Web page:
Over at Al Jazeera, their show Witness has an interesting 23-minute documentary on Chinese people who've made a life for themselves in Senegal.
A few observations:
I liked how Witness spent half the show humanizing the Chinese experience in Senegal. It was a nice juxtaposition - a people who really are seeking a more stable economic situation for themselves and their families, and the economic ruin they (perhaps unwittingly) wrought on the local population that they were so isolated from by virtue of language and other barriers.
I couldn't but compare this to the New Yorker audio slideshow on Nigerian immigrants in Chinese city Guangzhou. Evan Osnos points out here that it's almost always a African buyer and a Chinese seller, showing what I think is the biggest difference between the obstacles that a Nigerian, say, in China has to overcome, and that of the Chinese in an African country. The speed with which Chinese populations grow in African countries ensures (a) they always have a market for Chinese-made products, which allows for (b) growth in Chinese purchasing power.
Of course, Nigerian populations in China grow as well and will ensure a market for popular Made in Nigeria products like Milo, Nido, or Indomie, but that is only true within the Nigerian -- and larger African -- community. The strength that Chinese people have is that they can count on a market, not just from fellow Chinese, but also with the locals as well. With this influence, Chinese people have an upper hand in business dealings that locals don't.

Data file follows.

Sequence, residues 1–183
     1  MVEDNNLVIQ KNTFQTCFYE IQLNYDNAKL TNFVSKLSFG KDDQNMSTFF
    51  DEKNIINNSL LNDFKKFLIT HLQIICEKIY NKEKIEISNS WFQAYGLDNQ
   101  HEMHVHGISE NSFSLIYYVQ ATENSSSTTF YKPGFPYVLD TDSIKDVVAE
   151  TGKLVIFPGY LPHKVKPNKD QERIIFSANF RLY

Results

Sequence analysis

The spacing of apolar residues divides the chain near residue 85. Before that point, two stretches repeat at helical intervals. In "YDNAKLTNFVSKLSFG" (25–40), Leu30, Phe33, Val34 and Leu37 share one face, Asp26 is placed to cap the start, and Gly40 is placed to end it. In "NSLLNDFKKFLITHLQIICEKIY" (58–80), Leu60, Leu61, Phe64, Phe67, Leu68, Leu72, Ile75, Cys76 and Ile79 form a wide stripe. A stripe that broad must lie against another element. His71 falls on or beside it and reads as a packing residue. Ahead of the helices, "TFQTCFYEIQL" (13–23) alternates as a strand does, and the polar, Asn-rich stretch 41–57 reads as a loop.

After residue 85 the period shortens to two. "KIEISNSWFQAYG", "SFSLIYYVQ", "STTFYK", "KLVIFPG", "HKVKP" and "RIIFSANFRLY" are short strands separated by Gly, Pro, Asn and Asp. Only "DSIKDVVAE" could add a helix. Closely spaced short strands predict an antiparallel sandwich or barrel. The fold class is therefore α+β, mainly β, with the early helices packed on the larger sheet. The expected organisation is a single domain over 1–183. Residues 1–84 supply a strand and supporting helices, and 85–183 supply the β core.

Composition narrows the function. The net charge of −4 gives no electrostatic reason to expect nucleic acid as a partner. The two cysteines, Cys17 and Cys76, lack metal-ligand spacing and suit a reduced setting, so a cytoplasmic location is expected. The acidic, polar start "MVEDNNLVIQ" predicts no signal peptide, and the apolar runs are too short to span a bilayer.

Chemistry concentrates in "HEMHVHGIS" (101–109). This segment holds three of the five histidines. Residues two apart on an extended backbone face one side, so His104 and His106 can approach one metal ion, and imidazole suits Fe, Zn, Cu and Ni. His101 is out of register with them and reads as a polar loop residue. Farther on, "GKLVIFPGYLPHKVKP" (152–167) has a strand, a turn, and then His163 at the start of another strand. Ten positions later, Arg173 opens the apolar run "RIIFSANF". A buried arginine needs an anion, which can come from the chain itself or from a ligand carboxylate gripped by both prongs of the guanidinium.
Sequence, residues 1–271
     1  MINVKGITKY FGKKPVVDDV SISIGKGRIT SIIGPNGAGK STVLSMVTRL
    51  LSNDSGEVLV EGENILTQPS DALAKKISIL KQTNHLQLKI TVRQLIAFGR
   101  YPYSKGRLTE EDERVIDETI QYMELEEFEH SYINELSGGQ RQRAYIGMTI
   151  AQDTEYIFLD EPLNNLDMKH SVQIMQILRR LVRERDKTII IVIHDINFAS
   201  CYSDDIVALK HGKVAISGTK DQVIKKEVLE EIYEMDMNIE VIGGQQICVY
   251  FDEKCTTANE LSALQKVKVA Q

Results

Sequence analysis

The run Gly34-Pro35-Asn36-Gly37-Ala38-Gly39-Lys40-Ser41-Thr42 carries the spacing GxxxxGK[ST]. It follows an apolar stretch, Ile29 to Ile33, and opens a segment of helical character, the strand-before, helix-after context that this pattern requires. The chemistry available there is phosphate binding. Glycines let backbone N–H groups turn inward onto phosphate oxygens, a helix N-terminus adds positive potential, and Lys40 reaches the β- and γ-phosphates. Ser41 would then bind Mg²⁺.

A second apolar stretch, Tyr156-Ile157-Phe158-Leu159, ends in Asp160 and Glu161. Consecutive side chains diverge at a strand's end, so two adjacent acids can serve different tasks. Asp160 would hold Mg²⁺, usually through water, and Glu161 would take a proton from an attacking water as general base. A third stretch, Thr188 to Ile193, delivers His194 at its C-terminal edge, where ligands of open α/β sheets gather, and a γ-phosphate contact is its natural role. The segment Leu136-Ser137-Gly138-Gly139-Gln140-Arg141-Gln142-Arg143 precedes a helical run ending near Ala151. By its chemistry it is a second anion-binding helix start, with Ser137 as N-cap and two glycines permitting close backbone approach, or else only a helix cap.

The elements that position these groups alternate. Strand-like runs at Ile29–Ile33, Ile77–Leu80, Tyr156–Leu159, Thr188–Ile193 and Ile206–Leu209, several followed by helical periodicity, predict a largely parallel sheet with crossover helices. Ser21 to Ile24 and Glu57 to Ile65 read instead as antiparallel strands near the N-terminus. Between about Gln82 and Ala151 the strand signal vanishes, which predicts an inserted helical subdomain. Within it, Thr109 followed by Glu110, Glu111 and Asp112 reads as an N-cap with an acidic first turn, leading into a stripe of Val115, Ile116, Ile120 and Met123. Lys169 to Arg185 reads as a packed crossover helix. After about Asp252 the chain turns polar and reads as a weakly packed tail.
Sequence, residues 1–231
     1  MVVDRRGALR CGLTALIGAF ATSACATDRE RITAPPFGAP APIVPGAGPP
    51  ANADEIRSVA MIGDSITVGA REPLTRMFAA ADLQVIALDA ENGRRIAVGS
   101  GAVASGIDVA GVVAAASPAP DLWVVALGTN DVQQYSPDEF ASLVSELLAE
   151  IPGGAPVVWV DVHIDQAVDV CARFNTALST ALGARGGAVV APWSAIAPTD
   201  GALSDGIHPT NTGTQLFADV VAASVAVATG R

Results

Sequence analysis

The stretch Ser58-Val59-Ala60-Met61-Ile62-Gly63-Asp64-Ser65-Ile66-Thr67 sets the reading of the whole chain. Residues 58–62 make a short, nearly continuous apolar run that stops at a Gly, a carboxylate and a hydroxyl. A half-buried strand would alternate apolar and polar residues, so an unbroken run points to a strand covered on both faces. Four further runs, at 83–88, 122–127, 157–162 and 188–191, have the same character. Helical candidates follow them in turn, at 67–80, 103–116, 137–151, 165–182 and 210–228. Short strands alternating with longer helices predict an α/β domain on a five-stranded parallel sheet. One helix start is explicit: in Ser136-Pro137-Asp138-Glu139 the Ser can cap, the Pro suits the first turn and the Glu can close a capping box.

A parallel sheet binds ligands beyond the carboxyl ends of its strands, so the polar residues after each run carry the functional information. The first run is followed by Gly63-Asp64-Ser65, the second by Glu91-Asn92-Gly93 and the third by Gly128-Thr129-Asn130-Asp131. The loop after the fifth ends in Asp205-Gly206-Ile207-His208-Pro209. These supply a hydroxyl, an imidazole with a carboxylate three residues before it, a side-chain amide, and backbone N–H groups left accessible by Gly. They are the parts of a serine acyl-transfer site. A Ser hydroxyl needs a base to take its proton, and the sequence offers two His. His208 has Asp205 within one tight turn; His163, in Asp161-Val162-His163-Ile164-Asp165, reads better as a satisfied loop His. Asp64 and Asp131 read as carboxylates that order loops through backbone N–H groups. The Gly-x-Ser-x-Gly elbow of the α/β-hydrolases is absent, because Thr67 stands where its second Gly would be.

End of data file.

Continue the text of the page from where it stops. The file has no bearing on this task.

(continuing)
When the Senegalese merchants complained about the quality of goods coming into the country from China, I didn't so much blame the Chinese as I blamed the Senegalese government that allowed such low quality goods in the first place, and the inability of Senegalese government to create a regulatory framework to protect local businesses. Wade's government is probably reluctant to do anything to anger their Chinese benefactors, and I understand why they won't. Individual African countries have a lot more to lose than the Chinese do, and they won't get a better deal on infrastructure and trade with the Europeans or Americans.
Dr. Deborah Brautigam, who blogs here, has a favorable view of China in Africa, and talks about the benefits in the video below.